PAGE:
If you didn’t know this, you should be able to provide a reasonable explanation nonetheless. You should deduce that the bending motion shatters something within the glow stick, and this results in two chemicals mixing. The question, of course, is how light is emitted – so you therefore need to make the jump to realising that a dye is contained within the stick as well, and that it is excited.
Question 5: Why doesn’t a fish freeze?
Fish ought to freeze if the water temperature drops below 1 degree Celsius, as they are ectothermic. However, they do not, as they have developed antifreeze proteins to combat this problem. These proteins lower the freezing point of the fish’s blood by preventing ice crystals developing beyond a certain size. This results in the fish’s blood having a freezing point of -2.5C rather than -1.9C, which is the freezing point of the salt water in which they swim.
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Question 6: What is the concentration of water?
1L of water is 1000mL, so this is 1000g. The molecular weight of water is 18gmol-1. Therefore, 1000/18 = 55.5 (recurring) mol. 1000mL of water is 1dm3, which means that the concentration for water must therefore also be 55.5moldm-3.
Question 7: Why does iron rust? How can we prevent iron rusting?
Iron rusts due to an oxidation reaction – iron reacts with water and oxygen to form hydrated iron oxide.
Iron + water + oxygen → hydrated iron (III) oxide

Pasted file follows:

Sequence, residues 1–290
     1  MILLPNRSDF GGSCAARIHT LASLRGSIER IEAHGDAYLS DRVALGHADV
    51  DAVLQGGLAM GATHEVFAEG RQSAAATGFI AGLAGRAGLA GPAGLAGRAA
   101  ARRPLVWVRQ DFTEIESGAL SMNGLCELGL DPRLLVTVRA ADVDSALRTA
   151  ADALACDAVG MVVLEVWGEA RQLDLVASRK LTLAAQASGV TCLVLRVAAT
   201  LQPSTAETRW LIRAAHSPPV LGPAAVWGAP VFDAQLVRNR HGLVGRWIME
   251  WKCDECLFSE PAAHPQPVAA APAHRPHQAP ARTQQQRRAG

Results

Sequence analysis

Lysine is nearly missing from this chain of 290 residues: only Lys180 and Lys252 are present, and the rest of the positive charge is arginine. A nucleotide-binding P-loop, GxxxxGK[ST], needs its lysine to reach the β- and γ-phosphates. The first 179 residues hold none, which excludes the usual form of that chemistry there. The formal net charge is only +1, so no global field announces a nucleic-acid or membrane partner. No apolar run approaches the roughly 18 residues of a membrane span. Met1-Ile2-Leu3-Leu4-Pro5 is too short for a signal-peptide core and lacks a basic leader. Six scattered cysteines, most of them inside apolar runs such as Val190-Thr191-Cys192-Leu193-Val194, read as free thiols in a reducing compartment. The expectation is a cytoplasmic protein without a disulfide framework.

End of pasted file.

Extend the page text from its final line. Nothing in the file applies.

This explains why iron will rust in the presence of water, and why it rusts when left in a humid environment, and why it will be better preserved in an environment that is maintained at a lower humidity. In terms of how to prevent rust – we should consider maintenance of the environment, or protection of the object itself. Protection of the object could involve oiling, or painting, but can also be performed through galvanising. This process involves coating the object in a thin layer of a different metal – normally zinc or magnesium. This is called the sacrificial metal, and it is more reactive than iron and therefore will lose electrons in preference to it.
Question 8: How does blood maintain its pH?
The pH of blood is maintained within a tight band of 7.35 to 7.45. An alteration in pH is called either an acidosis or an alkalosis, and then further categorised as being metabolic or respiratory. So one might have a respiratory acidosis, for example, which is an acidosis stemming from a respiratory problem, with the lungs unable to remove sufficient amounts of CO2.
Considering short term maintenance of pH, an altered pH can be amended by the respiratory system – an increased pH would result in the respiratory rate decreasing, and vice versa. This is due to the reaction between H2O and CO2 which can form H2CO3, which in turn can form H+ and CO3-. Considering an example of longer term maintenance, the kidneys maintain the acid-base balance by reabsorbing bicarbonate from the urine and excreting hydrogen ions into the urine. If acidosis is detected, the tubular cells reabsorb more bicarbonate, and the conducting cells secrete more hydrogen whilst generating more bicarbonate.
Question 9: Discuss the bonding in benzene
This is a straightforward question that can be answered from A Level knowledge. Benzene’s chemical formula is C6H6, and each carbon atom bonded to other carbon atoms and a single hydrogen. The 4th bond pair of electrons from each carbon is delocalised, which creates a delocalised cloud of elections. Benzene is a hexagonal ring.